Cover photo for Marjorie M. (White) Morey's Obituary
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1927 Marjorie 2023

Marjorie M. (White) Morey

March 6, 1927 — September 11, 2023

Littleton, Massachusetts

Marjorie M. (White) Morey, 96, of Littleton, MA, passed away peacefully on Monday, September 11, 2023, at her home. Marjorie was born on March 6, 1927, in Groton, MA. She is the daughter of the late Frederick LeBlanc and Vera (Taylor) White of Amherst, Nova Scotia.

Determined, prideful, independent.

Marjorie was raised by a single mother before that term even existed. Her mother, Vera, widowed and pregnant at nineteen, crossed the border from Canada wearing a heavy coat to hide her bulging belly. A two-year-old in tow, the officials at the border said, “Too many LeBlancs today. Your name is now White.”

Once in the US, Vera and Marjorie lived with her parents and extended family. Marjorie grew up during the Great Depression, but her family never went hungry, as they lived on a large farm.

Vera's nuclear family moved often—probably a dozen times in as many years. Marjorie also stayed out of school for a year to take care of her mother who had contracted mononucleosis. Consequently, Marjorie graduated from Littleton High School when she was 20 years old, class of 1947.

Marjorie;s home became the ultimate “maker’s space,” where she kept busy her whole life with sewing, baking, music, art, and even cosmetology. Marjorie started designing and making her own clothes from a very early age. She began by repairing and altering clothes for herself and her family, and later used those skills to craft her outfits for her singing career. Even into her 90s, she cut and sewed her own clothing, from beautiful jackets, pants, and dresses!

Later, when she had kids of her own, she made all of their clothes, often creating matching mother-daughter outfits with the same fabric in the same style. When her youngest daughter, Bernadette, outgrew her matching dresses, she would get her older sister Ramona’s hand-me-downs—and would complain that she had to wear the same exact dresses for five or six more years!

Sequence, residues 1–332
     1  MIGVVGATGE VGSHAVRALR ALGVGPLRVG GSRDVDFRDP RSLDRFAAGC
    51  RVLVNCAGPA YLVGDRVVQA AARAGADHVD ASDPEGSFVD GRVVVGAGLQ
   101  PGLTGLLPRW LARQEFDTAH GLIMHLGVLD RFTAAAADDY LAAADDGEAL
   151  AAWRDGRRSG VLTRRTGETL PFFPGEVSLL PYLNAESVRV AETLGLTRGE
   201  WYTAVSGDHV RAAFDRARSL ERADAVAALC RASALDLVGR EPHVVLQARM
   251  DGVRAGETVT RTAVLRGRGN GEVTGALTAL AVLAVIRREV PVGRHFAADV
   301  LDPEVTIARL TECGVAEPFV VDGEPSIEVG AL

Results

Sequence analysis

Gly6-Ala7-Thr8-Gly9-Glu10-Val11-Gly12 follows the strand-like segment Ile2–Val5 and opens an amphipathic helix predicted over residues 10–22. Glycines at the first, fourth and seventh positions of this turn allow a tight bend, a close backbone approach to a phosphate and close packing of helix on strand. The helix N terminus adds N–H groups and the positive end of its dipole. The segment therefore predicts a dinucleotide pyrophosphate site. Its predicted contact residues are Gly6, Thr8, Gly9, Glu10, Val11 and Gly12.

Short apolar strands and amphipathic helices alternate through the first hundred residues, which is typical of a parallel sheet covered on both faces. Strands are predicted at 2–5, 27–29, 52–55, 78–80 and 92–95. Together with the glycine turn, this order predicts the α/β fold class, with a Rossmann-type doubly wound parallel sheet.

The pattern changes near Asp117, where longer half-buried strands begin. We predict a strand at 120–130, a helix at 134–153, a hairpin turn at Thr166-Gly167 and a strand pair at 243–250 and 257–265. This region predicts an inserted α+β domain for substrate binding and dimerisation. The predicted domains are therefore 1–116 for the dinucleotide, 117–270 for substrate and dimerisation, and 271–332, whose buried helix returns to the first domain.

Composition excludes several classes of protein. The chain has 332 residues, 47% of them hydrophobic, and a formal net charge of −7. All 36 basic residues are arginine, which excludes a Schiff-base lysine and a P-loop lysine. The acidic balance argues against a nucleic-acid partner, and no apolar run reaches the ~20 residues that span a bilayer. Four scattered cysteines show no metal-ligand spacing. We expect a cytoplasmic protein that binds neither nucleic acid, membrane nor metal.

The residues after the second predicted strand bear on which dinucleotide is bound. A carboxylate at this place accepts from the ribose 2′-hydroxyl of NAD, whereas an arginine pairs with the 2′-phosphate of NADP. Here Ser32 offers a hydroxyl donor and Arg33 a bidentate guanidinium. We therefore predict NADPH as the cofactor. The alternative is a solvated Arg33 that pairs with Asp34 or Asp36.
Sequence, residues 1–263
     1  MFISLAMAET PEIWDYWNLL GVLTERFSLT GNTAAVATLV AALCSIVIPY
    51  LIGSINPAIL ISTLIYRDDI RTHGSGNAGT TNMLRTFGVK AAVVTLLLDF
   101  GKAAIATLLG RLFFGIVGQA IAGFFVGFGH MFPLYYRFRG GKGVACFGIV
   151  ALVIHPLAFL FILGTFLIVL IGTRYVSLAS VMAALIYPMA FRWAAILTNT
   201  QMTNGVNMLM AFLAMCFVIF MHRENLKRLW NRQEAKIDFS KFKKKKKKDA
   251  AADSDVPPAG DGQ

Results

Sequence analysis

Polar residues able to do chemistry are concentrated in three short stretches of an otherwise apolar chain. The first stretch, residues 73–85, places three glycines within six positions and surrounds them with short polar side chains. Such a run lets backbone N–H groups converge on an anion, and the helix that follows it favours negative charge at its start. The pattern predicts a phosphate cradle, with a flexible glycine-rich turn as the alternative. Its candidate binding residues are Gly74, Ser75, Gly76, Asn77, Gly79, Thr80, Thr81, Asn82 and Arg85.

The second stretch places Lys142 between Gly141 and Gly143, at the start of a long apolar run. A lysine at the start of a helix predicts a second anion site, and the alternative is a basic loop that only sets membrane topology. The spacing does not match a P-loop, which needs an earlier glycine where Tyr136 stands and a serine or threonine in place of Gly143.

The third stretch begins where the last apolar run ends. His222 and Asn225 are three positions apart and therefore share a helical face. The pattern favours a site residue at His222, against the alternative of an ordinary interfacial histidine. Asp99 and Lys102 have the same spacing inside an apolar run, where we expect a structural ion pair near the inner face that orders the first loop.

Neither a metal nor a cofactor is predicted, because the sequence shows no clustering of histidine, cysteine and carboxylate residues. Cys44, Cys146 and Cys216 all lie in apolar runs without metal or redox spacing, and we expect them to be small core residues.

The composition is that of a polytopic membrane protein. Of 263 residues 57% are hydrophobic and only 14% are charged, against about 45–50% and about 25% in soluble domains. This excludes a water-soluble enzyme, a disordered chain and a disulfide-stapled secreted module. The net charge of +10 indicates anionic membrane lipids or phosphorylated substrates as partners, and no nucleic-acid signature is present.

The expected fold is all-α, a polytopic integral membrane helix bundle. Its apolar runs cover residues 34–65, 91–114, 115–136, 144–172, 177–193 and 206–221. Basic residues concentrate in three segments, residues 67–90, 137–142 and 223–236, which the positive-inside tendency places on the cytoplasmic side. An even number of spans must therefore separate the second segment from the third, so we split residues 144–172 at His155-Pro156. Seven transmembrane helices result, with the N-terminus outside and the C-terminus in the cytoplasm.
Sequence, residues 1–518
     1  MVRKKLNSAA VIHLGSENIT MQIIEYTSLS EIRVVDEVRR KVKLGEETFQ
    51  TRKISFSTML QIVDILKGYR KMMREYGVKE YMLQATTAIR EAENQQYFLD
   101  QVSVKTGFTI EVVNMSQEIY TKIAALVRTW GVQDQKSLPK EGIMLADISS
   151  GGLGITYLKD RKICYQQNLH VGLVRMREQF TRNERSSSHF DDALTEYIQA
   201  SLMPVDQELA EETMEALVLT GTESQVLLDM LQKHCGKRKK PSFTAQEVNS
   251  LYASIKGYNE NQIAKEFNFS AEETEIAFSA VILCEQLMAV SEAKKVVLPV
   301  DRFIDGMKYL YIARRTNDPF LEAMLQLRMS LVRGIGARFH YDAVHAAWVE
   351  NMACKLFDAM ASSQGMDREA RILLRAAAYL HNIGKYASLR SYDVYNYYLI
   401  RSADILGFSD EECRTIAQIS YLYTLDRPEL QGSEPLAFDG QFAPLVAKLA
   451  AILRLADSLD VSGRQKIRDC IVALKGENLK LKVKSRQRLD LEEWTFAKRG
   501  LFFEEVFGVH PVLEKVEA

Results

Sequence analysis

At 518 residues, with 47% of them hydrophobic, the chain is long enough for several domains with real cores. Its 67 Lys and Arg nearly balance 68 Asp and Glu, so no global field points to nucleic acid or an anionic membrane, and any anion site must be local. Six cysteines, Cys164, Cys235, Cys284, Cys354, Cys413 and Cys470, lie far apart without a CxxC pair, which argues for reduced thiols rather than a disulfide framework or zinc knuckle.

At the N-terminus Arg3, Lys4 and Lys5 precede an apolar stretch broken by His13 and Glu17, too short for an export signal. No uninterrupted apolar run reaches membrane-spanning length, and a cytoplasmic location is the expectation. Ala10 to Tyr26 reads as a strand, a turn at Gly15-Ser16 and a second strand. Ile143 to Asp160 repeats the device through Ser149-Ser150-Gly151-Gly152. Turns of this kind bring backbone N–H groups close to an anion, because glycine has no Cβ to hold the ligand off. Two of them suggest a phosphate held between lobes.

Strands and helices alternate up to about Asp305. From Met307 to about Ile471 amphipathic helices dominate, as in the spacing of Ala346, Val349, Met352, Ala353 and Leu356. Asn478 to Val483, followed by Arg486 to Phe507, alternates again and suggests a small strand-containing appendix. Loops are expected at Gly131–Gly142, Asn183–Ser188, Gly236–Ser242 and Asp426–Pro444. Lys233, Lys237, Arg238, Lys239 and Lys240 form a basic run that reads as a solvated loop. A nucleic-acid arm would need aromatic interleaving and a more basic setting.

Style and appearance were very important to Marjorie. She insisted on always looking nice from head to toe, with hair carefully coiffed and makeup impeccably applied. This routine often kept the family waiting patiently in the car for several minutes on every outing, but she always looked great. Marjorie insisted on styling her own hair, too; she gave herself and her mother perms and coloring treatments at home, and neither her husband Jim nor their two daughters ever set foot inside a barber or hairdresser's shop, as Marjorie cut everyone’s hair in the kitchen. She extended her skill with clippers and scissors to those outside her home as well, giving haircuts to friends and other family members— much to the chagrin of a one-time neighbor who was a barber downtown!

Marjorie was a good cook, and her baking skills were restaurant quality. She made ornately decorated cookies for her daughters to share with their schoolmates. She baked and decorated wedding cakes for her daughters, their friends, and every niece and nephew in the family. These confections often stood several feet high with multiple layers covered by intricately formed flowers. A high point in her baking career was the giant sheet cake for Littleton's celebration of the country's bicentennial. She had to use an oven at Nashoba Valley Technical High School to bake the cake. Her family also loved her apple and chocolate cream pies, which they were treated to at every Thanksgiving and Christmas.

Late every summer, she and her best friend Carolyn Webster would spend hours canning and pickling vegetables from the summer crops grown on Carolyn’s dad’s farm. The house reeked of vinegar, mustard, cucumbers, and other odd rotten tomatoes. The pungent aroma lasted for days. Jars of tomatoes, spaghetti sauce, pears, and a wide variety of pickles lined the shelves in her basement, providing the family with tasty food all winter and spring.

As a teen, she learned to play the guitar and to sing. She and Carolyn performed at various locations throughout New England. Her daughter recently discovered Marjorie’s method for recording revenue from these performances; a typical note would read,  “Received $2 each at Boxborough Grange.” As a solo act and as one half of the duo she and Carolyn (the other half) called The Sunset Serenaders, Marjorie played at the Lone Star Ranch and other venues.

At one of these shows, Marjorie met her future husband, James “Jim” Morey, also from Littleton. They dated for five years before she finally agreed to marry him on December 7, 1952. He gave her a beautiful diamond ring and a state-of-the-art solid-body electric guitar—although whether she received the ring or the guitar first will forever remain a mystery!Jim certainly knew the way to her heart, though; she played and loved that guitar for decades.